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Five Swans fans in court after away trip train disorder

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Court Result

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A group of Swansea City fans have appeared in court and been ordered to pay more than £1,800 for their drunken and rowdy exploits on the way back from an away match last season.

 

The five men were warned on numerous occasions about their behaviour on board the 7.30pm service from London Paddington to Swansea on Saturday, 8 April. However, they continued to swear repeatedly, shout and sing abusive chants – despite there being women and families on the busy train.

 

They were making their way home after spending the day in London watching the Swans play West Ham United in a Premier League fixture at the Olympic Stadium.

 

Gavin Bevan, aged 40, of Hill Street, Melincourt, appeared at Swansea Magistrates’ Court on 30 October and pleaded guilty to threatening, abusive or disorderly behaviour causing harassment, alarm or distress. He was fined £295 and ordered to pay £85 costs and a victim surcharge of £30.

 

Three other men appeared before magistrates at earlier hearings and also pleaded guilty to the same offence: Lee Meyler, aged 35, of Maes y Dre, Glynneath (fined £152, victim surcharge £30, costs £85); Dameon Marc Perry, aged 44, of The Meadows, Skewen (fined £200, victim surcharge £30, costs £85); and Gavin John Morgan, aged 35, of Vale View, Pontneddfechan (fined £138, victim surcharge £30, costs £85).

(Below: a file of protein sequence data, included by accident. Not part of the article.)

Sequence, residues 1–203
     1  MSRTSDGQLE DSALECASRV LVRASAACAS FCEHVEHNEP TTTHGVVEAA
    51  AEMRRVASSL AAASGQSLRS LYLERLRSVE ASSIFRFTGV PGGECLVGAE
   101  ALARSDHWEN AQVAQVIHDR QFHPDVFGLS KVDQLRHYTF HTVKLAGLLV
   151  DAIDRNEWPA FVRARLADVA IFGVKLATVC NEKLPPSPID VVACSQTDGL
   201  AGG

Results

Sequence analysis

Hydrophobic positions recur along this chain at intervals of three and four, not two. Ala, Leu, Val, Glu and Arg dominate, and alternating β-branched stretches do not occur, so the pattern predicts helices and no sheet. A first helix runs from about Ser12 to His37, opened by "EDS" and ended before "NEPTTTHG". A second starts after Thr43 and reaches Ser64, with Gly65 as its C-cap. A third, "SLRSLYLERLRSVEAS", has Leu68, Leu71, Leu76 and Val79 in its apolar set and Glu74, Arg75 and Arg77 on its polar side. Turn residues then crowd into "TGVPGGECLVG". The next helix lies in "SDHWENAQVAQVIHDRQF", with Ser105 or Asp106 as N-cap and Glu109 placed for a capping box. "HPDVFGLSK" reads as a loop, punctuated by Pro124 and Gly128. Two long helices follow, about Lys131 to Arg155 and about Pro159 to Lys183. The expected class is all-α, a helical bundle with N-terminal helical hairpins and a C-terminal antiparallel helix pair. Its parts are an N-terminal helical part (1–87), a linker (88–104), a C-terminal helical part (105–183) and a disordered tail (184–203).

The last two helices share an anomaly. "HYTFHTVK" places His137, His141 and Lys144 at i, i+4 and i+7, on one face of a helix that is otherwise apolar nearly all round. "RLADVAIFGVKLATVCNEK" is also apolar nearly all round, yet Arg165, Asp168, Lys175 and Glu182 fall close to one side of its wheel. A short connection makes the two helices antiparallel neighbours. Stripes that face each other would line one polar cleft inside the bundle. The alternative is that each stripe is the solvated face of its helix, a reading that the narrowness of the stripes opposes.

A fifth man – 47-year-old Andrew Clive Howells, of Jones Street, Pontardawe – failed to appear at court but the case was heard in his absence and he was found guilty. He was fined £440 and ordered to pay £85 costs and a £44 victim surcharge.

 

Chief Inspector Mark Cleland from British Transport Police said: “The behaviour of these men was intimidating for the other passengers on board and, quite frankly, inexcusable.

 

“Trains and stations are not extensions of football terraces and fans cannot expect to travel on trains while drunk, swearing and shouting offensive songs. We simply will not tolerate it. Anyone behaving in such a manner will be dealt with and will find themselves in front of the court.

 

“Sadly, our officers are called to these types of incidents most weekends. There is no doubt that a sense of tribalism exists with some fans, a feeling of anonymity within large groups – it’s your classic ‘what goes on tour, stays on tour’ mentality.

 

“We are working extremely hard to break down those beliefs and have developed close working relationships with clubs to ensure they are aware of their fans’ behaviour and to consider their own sanctions.

 

“I hope that significant penalties, such as those handed down to these five men, serves as a stark warning that intimidating and anti-social behaviour will never go unpunished.”

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